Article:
Wednesday Walk Around the Web – 10/22/2014


Welcome to the Wednesday Walk Around the Web, where we weave & wind through weblinks weekly. Hopefully you will find the links on offer amusing, interesting, or, occasionally, profound. Do you have a link you want to see featured in next week’s Wednesday Walk? Email Glenn!

  • I was sent the link to this video yesterday, and I don’t know any way to describe it that will do justice to its twists, its hilarity, and its amazing aesthetic. If you pick and choose which links you look at each week because you’re not interested in lizards or old maps (hey, no hard feelings, you do you), make this one of the ones you click. The video itself takes three and a half minutes to pass you by, but if you’re like me it might stay with you for far longer.
  • This Week in Yelp: one-star reviews of US national parks. “Maybe I’m just not a cave man.” Finally, someplace the Unfrozen Caveman Lawyer won’t be frightened and confused!
  • Sometimes, reality shows go terribly wrong. And so do ex-boyfriends.
  • Machine translation is always a bit of an adventure. Put the lyrics to “Let it Go” through Google Translate several times and you wind up with something that is very nearly completely unlike the original song. Remember, friends: discrimination law is probably the queen. (Link via the ever-friendly Steven Graham.)
  • The White House’s first website went up twenty years ago, in the primordial age of the world wide web. Were we ever that young?
  • Oysters, as it turns out, are pretty important.
  • There have been no platinum records in 2014. Singles are still kicking, so at least we can find some new music.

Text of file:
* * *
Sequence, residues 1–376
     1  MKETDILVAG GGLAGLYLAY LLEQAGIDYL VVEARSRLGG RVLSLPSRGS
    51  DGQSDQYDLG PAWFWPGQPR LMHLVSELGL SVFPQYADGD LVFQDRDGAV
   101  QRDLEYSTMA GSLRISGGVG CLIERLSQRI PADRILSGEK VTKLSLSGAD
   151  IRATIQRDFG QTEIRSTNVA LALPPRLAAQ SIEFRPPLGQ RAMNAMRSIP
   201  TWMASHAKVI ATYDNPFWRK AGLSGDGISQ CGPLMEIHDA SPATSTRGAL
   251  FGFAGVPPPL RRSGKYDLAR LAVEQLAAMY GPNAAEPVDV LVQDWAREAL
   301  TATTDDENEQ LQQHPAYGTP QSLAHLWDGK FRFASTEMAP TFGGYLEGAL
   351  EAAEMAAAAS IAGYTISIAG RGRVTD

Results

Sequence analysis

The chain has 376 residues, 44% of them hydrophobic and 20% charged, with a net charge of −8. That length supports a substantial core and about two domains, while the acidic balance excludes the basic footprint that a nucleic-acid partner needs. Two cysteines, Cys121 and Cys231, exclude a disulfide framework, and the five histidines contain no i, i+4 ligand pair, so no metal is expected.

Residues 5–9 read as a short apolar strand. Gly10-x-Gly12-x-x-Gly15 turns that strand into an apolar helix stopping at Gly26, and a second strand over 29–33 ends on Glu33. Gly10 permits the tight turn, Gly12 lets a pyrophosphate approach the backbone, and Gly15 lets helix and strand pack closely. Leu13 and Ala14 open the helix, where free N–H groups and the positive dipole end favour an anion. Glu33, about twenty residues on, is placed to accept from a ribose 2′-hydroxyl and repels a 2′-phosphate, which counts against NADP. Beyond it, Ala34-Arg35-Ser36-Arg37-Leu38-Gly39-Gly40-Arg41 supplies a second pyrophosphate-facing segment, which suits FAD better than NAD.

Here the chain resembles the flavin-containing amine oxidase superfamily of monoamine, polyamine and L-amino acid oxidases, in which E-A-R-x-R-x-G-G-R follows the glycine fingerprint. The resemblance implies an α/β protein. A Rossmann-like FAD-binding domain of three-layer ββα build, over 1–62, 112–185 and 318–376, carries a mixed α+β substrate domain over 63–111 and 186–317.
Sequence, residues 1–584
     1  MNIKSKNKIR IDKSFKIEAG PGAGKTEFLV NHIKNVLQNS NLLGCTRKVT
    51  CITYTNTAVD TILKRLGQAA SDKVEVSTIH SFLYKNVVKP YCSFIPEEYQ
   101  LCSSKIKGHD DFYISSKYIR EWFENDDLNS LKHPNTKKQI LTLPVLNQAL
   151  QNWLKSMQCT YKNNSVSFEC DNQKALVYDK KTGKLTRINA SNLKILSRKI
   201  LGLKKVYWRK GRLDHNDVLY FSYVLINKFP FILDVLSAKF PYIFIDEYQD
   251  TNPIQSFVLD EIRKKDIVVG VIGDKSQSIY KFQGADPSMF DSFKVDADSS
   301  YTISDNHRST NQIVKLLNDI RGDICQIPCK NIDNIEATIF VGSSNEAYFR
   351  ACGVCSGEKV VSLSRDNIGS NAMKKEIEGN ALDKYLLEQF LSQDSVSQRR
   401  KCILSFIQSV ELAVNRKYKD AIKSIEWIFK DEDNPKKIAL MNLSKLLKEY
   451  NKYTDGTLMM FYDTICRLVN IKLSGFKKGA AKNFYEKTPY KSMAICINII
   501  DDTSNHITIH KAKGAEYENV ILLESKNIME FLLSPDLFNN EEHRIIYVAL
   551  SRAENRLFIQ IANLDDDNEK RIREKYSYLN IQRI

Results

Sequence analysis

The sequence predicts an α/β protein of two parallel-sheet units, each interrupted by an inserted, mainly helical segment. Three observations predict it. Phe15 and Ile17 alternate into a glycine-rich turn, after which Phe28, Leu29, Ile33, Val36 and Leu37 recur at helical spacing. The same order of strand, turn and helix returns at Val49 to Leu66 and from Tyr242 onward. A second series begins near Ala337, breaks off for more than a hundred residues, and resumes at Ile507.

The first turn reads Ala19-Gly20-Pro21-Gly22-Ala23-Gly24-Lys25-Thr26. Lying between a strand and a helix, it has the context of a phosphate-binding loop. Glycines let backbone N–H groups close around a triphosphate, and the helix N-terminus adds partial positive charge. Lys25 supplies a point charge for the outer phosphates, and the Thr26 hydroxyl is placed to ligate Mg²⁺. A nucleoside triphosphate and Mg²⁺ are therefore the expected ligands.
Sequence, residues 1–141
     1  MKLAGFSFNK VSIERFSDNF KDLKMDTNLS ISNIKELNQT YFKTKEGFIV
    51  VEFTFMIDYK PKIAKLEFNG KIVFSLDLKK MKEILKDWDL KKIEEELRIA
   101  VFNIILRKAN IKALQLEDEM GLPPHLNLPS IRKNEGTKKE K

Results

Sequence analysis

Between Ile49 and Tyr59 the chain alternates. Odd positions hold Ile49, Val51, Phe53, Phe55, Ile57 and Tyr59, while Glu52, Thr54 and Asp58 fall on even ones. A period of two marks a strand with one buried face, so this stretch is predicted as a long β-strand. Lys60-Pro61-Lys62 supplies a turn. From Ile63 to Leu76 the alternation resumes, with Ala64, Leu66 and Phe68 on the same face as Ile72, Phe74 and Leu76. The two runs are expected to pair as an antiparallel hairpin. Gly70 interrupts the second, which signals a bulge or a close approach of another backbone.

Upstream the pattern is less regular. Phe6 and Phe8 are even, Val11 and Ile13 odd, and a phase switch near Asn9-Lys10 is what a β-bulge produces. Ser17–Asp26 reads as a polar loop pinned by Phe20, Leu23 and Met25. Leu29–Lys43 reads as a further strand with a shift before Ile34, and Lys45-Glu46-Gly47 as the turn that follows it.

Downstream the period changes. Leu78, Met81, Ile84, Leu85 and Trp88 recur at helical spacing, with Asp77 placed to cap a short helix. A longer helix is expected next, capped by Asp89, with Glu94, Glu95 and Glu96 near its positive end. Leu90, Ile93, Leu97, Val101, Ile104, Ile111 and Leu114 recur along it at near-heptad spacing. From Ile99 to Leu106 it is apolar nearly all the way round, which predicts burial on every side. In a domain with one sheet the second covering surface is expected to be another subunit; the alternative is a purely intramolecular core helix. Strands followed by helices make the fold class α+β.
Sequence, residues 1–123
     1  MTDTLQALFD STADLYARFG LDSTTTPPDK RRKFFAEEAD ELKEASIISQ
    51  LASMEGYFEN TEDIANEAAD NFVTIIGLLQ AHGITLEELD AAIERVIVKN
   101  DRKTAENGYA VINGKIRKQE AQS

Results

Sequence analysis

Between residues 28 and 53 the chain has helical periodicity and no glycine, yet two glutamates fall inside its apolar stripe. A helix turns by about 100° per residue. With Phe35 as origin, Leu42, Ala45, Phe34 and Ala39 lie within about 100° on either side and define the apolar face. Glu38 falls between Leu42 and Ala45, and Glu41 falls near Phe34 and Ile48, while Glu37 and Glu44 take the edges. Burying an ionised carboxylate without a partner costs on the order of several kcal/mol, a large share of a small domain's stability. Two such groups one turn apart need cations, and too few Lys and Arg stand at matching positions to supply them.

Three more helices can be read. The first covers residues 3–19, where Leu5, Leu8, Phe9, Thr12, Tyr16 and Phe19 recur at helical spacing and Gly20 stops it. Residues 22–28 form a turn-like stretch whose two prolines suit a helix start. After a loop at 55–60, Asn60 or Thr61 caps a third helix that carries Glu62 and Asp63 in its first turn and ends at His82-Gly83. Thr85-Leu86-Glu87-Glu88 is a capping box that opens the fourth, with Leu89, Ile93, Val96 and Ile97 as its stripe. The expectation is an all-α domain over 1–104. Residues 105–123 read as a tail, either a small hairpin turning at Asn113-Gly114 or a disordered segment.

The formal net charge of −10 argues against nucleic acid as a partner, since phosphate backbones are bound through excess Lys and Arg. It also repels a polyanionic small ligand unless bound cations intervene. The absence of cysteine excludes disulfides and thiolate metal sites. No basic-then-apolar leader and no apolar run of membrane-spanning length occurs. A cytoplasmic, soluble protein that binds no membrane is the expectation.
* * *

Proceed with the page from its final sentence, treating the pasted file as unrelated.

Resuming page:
• Once you have your own stash of Halloween candy free of the prying hands of children, be sure to pair it with the right wine.
  • A “pain scan” would be a great tool for helping people with atypical or unfortunately-stereotyped conditions, and weeding out drug-seekers with something a little more reliable than the level of trust a nurse or doctor happens to feel in any particular moment. But the way there is fraught with difficulties.
  • Professional restaurant reviews, for those of us not likely to be serious about perusing listings for posh restaurants, are valuable more as reading material than actual recommendations, and as reading material they’re valuable mainly as a source of schadenfreude, as upscale eateries are rhetorically torn down for their outrageous prices and bourgeois atmospheres. On that level, this review of Beast does not disappoint, with such potent quotables as: “Got any friends who are, say, international drug barons? Excellent. They may be able to afford dinner.”
  • Following a transplant of cells from his nasal cavity, a man who was paralyzed man can walk again.
  • These demographic surveys of social networks may upset some typical notions about popular websites being overrun with Kids These Days. (It does show some effects of your parents being on Facebook, though.)
  • Nigeria is Ebola-free. Apparently Senegal is as well. Don’t fall into the Ebola panic — there are hospitals gearing up for an influx of people mistaking flu symptoms for freaking Ebola, which is as good an occasion as any to remind you to instead go to your local pharmacy and get your flu shot if you don’t have some condition that makes it unsafe for you. Please. Go.
  • As noted previously in the Wednesday Walk, the secession movement in Scotland recently lost a straight-up election, the closest it’s ever come to actually separating from England. What might Europe look like if every separatist movement got its way?
  • Meet malachite, the material that gave us copper.
  • As part of Batman’s 75th anniversary celebration, 33 Mexican artists were asked to use the iconic cape and cowl as their canvas. This onomatopoetic interpretation is definitely a highlight.
  • If you’re going to bone down with your sweetums in the water, beware of too much suction. And in the wrong places!
  • I dunno, were I locked in a bookstore overnight I might just read a lot. There’s time enough at last.
  • For the first time, people are being removed from the no-fly list.
  • A copy of Action Comics #1 was recently sold on eBay for 3.2 million dollars. (One wonders why the owner didn’t use another auction company, but you can’t argue with the results.) One way it achieved such a high value was by being unnaturally pristine.